More lovely place names, although I suspect there was a bit of reverse phsycology going on. I doubt that life working in a spinning mill was a particularly sunny experience. We moored at Rodley for a few days.
And I made my first discovery of the old Yorkshire cloth industry. There are old mills all along the banks of the canals and rivers. Sadly the spinning and weaving industrial revolution in this country has been overtaken by the cheaper manufacturing processes in other countries but the legacy of the old buildings remain. Some have been demolished, others gentrified into desirable accommodation and some have survived to take advantage of the vast space inside.
Sunnybank Mill is one such place, about 20 minutes walk from Rodley into Farsley, it’s full of creative people and artisan eateries. But the area that grabbed my attention was the scrap store.
It is a social enterprise scheme where local businesses donate their waste, to prevent it going into landfill. The team then sell it at very low prices. It’s like a glorified jumble sale and this huge cavern stretches for as far as the eye could see. And I was left to wander and wonder at such potential. But living on a narrowboat requires strict self control, no superfluous clutter…..so much to Eric’s relief I didn’t bring it all back to firecrest.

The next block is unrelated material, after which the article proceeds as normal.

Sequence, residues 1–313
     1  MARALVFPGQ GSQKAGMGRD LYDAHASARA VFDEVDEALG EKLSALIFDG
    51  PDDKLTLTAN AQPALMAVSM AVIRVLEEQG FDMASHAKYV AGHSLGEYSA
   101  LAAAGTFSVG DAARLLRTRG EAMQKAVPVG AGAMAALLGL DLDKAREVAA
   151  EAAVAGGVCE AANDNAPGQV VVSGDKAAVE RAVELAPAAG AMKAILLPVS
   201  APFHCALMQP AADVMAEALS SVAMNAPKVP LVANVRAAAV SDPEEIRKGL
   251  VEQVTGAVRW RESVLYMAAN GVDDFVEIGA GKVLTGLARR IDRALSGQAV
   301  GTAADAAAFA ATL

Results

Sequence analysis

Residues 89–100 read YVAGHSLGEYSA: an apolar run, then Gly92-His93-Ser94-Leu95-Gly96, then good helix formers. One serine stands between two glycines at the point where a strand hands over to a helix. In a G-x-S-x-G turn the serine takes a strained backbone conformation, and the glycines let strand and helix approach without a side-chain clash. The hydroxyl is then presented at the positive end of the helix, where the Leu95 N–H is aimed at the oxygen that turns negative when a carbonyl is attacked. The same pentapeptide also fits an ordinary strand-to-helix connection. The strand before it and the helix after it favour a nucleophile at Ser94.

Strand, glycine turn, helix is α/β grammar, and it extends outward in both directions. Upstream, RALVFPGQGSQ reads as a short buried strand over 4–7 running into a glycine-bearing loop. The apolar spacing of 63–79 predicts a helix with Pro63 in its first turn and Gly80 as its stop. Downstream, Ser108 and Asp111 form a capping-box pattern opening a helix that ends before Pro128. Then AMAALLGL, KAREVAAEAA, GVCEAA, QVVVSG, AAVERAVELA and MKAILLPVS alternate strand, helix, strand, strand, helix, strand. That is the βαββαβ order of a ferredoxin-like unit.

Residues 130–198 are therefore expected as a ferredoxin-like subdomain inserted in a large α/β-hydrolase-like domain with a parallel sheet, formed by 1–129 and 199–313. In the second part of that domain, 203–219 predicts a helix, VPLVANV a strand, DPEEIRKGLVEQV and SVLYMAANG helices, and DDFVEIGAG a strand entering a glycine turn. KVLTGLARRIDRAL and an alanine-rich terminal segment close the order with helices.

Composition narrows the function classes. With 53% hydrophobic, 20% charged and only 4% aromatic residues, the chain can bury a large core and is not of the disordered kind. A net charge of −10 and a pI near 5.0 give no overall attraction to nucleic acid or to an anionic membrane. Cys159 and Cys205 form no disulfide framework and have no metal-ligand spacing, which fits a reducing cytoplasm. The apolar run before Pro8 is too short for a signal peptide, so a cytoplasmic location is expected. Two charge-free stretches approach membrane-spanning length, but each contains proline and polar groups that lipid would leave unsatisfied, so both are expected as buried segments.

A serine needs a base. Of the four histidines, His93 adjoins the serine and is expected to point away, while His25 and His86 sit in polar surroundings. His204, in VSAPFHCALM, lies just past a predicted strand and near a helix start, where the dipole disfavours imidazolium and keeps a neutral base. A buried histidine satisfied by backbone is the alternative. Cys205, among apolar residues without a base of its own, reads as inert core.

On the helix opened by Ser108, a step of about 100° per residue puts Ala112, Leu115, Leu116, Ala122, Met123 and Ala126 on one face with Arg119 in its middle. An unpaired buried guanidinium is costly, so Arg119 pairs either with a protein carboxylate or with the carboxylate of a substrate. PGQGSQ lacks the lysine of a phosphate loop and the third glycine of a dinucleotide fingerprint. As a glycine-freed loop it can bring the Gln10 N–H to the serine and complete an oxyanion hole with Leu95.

As a reward for good behaviour I was treated to a cream tea at the Tiny Tea room on the canal bank.
It really is tiny. No inside seating, and just a sink and work surface in the tiny stone building.
But the weather was good so we made the most of it, and enjoyed a bit of gongoozling ourselves as we watched to narrowboats cruise past. It really is very pretty around here, hard to believe were only 10 miles or so from Leeds.
Our cruising was to take us through Apperley Bridge, which is the home of Bear Boating. And this is where Eric and I did our helmsmans course before we moved onto Firecrest.
They taught us how to do locks and swing bridges, which is probably a good job because there are a lot of both on this canal.
If only all were automated like this one, life would be so much easier.